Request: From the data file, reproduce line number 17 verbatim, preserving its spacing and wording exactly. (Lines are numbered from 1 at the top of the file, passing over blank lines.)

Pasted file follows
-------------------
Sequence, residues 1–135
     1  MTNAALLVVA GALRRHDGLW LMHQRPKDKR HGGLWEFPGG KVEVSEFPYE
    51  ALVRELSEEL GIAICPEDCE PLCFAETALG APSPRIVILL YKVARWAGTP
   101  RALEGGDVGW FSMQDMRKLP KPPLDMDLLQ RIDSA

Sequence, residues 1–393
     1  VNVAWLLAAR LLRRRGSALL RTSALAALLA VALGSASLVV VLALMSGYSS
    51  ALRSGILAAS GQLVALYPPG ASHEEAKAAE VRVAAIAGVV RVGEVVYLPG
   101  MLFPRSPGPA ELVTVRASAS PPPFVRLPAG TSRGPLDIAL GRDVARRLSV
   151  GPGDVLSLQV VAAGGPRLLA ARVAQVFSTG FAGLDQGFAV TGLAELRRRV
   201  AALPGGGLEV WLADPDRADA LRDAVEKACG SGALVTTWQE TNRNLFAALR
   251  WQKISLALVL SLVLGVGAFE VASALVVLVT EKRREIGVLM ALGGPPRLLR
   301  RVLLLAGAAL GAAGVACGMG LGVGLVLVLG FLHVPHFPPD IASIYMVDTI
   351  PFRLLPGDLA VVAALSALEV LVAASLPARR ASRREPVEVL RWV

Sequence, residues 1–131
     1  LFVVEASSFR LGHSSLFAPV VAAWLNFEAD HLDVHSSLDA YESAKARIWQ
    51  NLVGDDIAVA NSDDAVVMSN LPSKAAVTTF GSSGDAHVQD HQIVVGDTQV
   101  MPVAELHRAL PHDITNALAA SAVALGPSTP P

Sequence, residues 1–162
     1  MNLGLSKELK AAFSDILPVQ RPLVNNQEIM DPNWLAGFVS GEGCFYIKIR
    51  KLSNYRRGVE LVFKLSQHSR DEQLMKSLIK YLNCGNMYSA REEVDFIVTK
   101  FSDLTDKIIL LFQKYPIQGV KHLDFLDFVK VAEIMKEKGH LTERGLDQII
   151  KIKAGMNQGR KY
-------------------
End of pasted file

   101  MPVAELHRAL PHDITNALAA SAVALGPSTP P